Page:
Narrative connections

The Bedrock of Culture

The Bedrock of Culture

There is an old adage that “Adversity does not build character, it reveals it.” And while nobody in the world would dispute the chaotic landscape we find ourselves within, a little look in the mirror for all of us might be in order. The events of the past four months have been awful, but I wonder if maybe the problems are exacerbated by the culture we have collectively built the past couple of decades.

Lau Tzu, an ancient Chinese philosopher, warned us by saying “Watch your thoughts, they become your words; watch your words, they become your actions; watch your actions, they become your habits; watch your habits, they become your character; watch your character, it becomes your destiny.”

Our destiny is starting to look a lot like a selfie and less like a collection of shared ideals. In fact, I wonder if we have lost sight of our values, our purpose, and, most importantly, each other. As we struggle to come to terms with a new lifestyle, I cannot let go of the idea that our current circumstance is much less a cause than it is a symptom.

Some would argue that recent events have fundamentally changed us forever. However, is it possible that an overall egocentric culture in which we have been operating caused us to lose a sense of who we are long before this? Our attention span actually has no span. Conversations don’t even exist because we are so totally self-absorbed and lack the empathy needed for real enrichment. We have created a culture of perpetual adolescence and oversensitivity, which leads to a high level of emotion and a lack of self-control.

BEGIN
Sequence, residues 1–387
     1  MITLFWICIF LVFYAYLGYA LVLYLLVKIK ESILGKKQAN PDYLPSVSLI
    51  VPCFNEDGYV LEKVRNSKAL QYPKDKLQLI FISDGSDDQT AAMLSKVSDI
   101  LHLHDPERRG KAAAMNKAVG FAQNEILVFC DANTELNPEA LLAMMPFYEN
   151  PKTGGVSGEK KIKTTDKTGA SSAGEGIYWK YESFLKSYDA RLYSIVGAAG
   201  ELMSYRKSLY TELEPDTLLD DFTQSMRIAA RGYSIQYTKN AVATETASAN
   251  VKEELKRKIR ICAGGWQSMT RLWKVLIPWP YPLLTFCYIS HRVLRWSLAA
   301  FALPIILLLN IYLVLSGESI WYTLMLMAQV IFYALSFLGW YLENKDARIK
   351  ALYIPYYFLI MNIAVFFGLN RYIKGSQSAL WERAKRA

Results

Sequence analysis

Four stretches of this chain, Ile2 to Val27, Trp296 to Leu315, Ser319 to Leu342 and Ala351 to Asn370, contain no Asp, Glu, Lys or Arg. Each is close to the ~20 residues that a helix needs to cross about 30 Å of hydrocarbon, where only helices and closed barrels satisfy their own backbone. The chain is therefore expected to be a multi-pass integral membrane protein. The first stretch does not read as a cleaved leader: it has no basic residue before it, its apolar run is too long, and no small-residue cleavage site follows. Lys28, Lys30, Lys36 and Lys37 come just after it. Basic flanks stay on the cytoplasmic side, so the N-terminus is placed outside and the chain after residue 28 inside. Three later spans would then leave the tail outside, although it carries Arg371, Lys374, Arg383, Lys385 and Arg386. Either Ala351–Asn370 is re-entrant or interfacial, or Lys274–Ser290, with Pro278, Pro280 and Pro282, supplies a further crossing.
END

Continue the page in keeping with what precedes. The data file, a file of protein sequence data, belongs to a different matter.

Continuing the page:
Egocentricity has been prevalent in our culture for quite a while. However, I am praying that the events of the past few months drive home the lesson of empathy and that it becomes our new habit and, ultimately, our new character. And I am not talking about just empathy for race, religion or any other social issue. I am talking about finding a new version of ourselves by being empathetic in our everyday lives.

I could wax on about how technology, parenting, and the addiction to immediate gratification are the symptoms of perpetual adolescence and a self-absorbed culture. But, I would rather talk about empathy, which is both the cure of what ails us and the path to enrichment.

Any good sales or marketer knows that emotion is the key to sales. If you are selling based on logic, then you are toast. If you engage with others on an emotional level then you can find great success. But, we cannot engage people emotionally if we don’t have empathy. If you don’t start thinking about others than we will continue down the path of destruction.

More than ever, we must build a habit of placing ourselves in the shoes of another person – and see the world from his or her point of view. The most important thing for us to do is to see the world from our clients’ point of view, especially as they try and navigate these confusing times. Once we can truly understand others, progress can happen.

I believe that cronyism and greed are boring, while the selfie culture is full of uninspiring noise. Looking out for others and being conscious of their needs has always been the bedrock of great business. In turn, finding a new culture of empathy and unselfishness should be the bedrock of our character.

Warmest regards,

Mark Potter

Mark Potter

Founder / Consultant

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